An internationally recognized American documentary filmmaker and writer. He has written, directed and produced historical documentaries since the 1990s, beginning with his collaboration on the celebrated PBS series The Civil War (1990), which he produced with his older brother Ken Burns and wrote with Geoffrey Ward. Born in Baltimore, Maryland, Ric Burns was the son of a social anthropologist. He studied English literature at Columbia University in New York City and Cambridge University in England before working with his brother on The Civil War (1990). His production company, "Steeplechase Films", is located on Manhattan's upper west side. Currently, he is in post-production on two biographical documentaries on Andy Warhol and Eugene O'Neill. Burns is probably best known for his series New York: A Documentary Film, which premiered nationally on PBS. The eight-part, seventeen-and-a-half-hour film chronicles the city’s rise from a tiny Dutch trading post through its continuing preeminence as an economic and cultural capital of the world.
For our conference, we will air Ric Burns’ The Pilgrims (2015) with Ric as the host and presenter.
Professor Emeritus of History at Millersville University, Millersville, Pennsylvania. He received his BA from Fordham College and his MA and PhD from Columbia University, while also studying at Union Theological Seminary. He has been a visiting scholar at New York University, Oxford University, the University of Cambridge and Trinity College Dublin. Dr. Bremer is one of the acknowledged experts on puritanism in the Atlantic world and has published numerous articles and seventeen books on the subject. His study of John Winthrop: America's Forgotten Founding Father (2003) was submitted for consideration for the Pulitzer Prize and won the John C. Pollock Award for Christian Biography. His recent works include Puritanism: A Very Short Introduction (2009); First Founders: American Puritans and Puritanism in the Atlantic World (2012) – a selection of the History Book Club; Building a New Jerusalem: John Davenport, a Puritan in Three Worlds (2012) – shortlisted for the New England Society in the City of New York Award for Non Fiction 2013 and the 2013 Award in Nonfiction of the Mountain & Plains Independent Booksellers Association; and Lay Empowerment and the Development of Puritanism (2015).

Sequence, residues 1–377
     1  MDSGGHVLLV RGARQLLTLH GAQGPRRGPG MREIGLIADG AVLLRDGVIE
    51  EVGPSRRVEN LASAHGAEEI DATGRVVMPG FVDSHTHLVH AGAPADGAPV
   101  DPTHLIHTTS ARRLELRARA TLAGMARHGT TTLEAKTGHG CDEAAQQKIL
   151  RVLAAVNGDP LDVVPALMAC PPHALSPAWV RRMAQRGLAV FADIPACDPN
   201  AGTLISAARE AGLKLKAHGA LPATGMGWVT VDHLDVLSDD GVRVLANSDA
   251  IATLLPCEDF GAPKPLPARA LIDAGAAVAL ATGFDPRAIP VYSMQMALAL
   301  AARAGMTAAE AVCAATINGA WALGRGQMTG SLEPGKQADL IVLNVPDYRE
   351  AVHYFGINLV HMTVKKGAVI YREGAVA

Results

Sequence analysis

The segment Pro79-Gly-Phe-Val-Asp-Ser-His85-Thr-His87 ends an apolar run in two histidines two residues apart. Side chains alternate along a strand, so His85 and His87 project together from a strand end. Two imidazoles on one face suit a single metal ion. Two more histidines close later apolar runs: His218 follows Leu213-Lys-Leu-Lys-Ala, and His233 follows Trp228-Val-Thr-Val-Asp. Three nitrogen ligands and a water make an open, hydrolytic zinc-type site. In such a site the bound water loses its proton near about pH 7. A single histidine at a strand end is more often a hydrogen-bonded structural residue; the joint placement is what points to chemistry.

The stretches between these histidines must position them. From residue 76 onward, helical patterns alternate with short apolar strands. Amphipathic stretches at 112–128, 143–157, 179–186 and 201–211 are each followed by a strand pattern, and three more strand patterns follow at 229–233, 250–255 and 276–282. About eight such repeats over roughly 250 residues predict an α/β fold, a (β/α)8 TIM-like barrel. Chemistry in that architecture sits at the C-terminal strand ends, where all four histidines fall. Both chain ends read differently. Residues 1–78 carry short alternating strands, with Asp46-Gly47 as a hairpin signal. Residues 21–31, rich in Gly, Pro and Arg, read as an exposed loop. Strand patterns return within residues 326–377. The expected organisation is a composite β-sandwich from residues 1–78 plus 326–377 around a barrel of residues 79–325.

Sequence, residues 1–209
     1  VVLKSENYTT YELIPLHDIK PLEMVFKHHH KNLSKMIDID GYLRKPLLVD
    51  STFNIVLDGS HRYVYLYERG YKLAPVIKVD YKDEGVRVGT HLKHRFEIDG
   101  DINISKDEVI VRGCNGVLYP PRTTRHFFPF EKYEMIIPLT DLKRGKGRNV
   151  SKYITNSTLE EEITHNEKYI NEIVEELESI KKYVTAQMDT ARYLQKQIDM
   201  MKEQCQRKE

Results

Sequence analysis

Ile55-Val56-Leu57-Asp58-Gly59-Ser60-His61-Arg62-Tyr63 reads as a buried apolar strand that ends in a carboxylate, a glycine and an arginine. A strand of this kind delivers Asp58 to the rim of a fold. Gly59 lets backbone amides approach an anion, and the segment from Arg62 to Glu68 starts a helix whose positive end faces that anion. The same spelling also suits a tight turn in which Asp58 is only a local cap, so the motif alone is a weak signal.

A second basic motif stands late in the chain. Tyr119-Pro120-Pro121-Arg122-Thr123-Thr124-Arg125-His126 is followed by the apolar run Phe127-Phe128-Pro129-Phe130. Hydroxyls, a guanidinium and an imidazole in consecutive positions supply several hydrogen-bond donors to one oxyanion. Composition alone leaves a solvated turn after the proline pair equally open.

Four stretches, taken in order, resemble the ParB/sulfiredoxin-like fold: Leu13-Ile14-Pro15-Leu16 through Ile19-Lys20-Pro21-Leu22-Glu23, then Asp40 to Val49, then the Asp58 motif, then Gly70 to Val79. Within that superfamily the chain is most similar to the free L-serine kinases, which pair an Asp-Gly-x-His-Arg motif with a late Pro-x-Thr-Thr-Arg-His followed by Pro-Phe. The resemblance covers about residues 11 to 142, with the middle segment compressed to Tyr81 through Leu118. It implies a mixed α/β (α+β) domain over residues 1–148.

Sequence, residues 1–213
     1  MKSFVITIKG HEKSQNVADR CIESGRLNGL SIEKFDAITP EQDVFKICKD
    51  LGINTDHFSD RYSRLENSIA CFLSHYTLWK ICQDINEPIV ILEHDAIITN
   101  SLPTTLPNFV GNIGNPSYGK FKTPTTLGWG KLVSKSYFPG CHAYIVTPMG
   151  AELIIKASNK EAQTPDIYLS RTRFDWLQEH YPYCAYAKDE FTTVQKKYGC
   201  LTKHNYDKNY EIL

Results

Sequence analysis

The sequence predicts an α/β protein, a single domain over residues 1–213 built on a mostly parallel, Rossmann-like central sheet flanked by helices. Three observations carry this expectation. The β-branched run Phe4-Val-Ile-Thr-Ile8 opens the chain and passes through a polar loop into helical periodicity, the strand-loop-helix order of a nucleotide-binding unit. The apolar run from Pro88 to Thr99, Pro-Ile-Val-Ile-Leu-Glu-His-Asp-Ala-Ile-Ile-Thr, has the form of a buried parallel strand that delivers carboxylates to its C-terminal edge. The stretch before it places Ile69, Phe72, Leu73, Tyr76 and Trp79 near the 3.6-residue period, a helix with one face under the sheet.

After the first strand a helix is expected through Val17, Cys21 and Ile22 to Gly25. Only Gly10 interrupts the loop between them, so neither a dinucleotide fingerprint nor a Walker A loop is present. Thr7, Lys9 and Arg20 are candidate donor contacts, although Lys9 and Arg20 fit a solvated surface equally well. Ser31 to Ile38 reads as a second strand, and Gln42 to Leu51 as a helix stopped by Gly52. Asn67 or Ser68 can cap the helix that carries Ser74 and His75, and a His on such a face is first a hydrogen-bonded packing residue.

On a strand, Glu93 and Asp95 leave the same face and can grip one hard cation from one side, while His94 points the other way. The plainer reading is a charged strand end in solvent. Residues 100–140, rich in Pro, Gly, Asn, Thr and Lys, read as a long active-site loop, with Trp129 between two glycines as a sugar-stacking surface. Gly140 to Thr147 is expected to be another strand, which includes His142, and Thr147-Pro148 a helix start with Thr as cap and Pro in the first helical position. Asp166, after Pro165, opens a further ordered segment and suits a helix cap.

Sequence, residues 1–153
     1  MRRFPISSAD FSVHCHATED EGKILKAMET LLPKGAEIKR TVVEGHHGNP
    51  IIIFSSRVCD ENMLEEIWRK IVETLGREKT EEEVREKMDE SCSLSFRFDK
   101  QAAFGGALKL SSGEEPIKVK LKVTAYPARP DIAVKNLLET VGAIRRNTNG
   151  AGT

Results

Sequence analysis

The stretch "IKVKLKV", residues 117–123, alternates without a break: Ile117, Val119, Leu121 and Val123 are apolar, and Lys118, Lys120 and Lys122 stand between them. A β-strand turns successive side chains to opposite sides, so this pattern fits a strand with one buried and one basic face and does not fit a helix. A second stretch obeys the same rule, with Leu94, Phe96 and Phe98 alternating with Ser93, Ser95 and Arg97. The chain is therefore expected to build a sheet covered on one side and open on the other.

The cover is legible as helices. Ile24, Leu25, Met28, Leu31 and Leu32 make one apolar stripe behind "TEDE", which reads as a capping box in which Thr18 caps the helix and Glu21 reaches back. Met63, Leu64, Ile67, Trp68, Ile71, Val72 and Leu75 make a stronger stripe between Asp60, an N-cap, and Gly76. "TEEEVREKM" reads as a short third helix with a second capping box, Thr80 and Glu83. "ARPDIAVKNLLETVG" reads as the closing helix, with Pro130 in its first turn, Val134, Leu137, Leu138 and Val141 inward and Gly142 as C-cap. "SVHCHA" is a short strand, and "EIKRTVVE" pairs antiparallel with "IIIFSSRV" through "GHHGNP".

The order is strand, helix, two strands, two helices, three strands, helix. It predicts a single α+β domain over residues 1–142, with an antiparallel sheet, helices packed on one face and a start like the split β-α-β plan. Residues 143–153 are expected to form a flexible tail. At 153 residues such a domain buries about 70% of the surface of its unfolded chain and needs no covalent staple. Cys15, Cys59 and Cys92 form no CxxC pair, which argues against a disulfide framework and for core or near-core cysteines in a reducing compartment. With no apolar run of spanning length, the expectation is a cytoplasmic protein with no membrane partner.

Executive Director, Congregational Library and Archives, a respected historian, author, and lecturer. Margaret (Peggy) Bendroth received her Ph.D. in history from the Johns Hopkins University and was professor of history at Calvin College from 1998 to 2004. She is the author of several books, including Fundamentalism and Gender, 1875 to the Present (Yale 1993) and Fundamentalists and the City: Conflict and Division in Boston’s Churches, 1885 to 1950 (Oxford 2005). Peggy has co-edited several other volumes, including Women and Twentieth-Century Protestantism (Illinois 2002), with Virginia Brereton. Her most recent books include The Spiritual Practice of Remembering (Eerdmans 2013) and The Last Puritans: Mainline Protestants and the Power of the Past (UNC 2015) tells the story of how Congregationalists engaged deeply with their denomination’s storied past and recast their modern identity. Peggy recently served
as President of the American Society of Church History. She is a regular attender and favorite presenter at the National Association of Congregational Christian Churches annual conference.
Retired Pastor, Seminary Dean and Professor, PHD Boston University. Charles Hambrick-Stowe is the retired pastor of the First Congregational Church UCC, Ridgefield, Connecticut. In his writings he brings together experience as a local church pastor and in seminary administration and teaching. Before returning to pastoral ministry he was academic dean and professor of Christian history at Northern Seminary in Lombard, Illinois, and director of the Doctor of Ministry program at Pittsburgh Theological Seminary. He served as pastor of two churches in Maryland and Pennsylvania over a 22-year period. Hambrick-Stowe is the author or editor of six books and numerous articles in the field of American religious history, including Charles G. Finney and the Spirit of American Evangelicalism, and The Practice of Piety: Puritan Devotional Disciplines in Seventeenth Century New England (Chapel Hill: Published for the Institute of Early American History and Culture by the University of North Carolina Press, 1982. Winner of the prestigious Jamestown Prize for Early American History, The Practice of Piety is a moving and vivid account of what it meant to be a Puritan. This account draws on diaries, spiritual biographies, and devotional manuals to explore the daily and weekly ritual and discipline. The devotional movement was at the heart of Puritanism, and the spiritual pilgrimage was the soul's progress from birth to death to rebirth and eternal glory. Puritan worship brought together college student and illiterate farmer, giving coherence to the community.
Eunice grew up as the daughter of Congregational missionaries in rural Nigeria. Today she is a social media sensation through the creation of her own YouTube channel where she covers the difficult subject of African politics with her own brand of irreverent humor. She will present the story of her journey and how she is bringing African news to the forefront of the Western World.
Post-graduate researcher, focusing on archival studies and heritage formation, at Leiden University in The Netherlands. Having received the Dewi Rowlands Bursary, from the U.K based Unaffiliated Congregational Churches Charities (UCCC), he has undertaken a study of the Pilgrim experience in Leiden from 1609-1620.
A daily schedule of events is coming soon.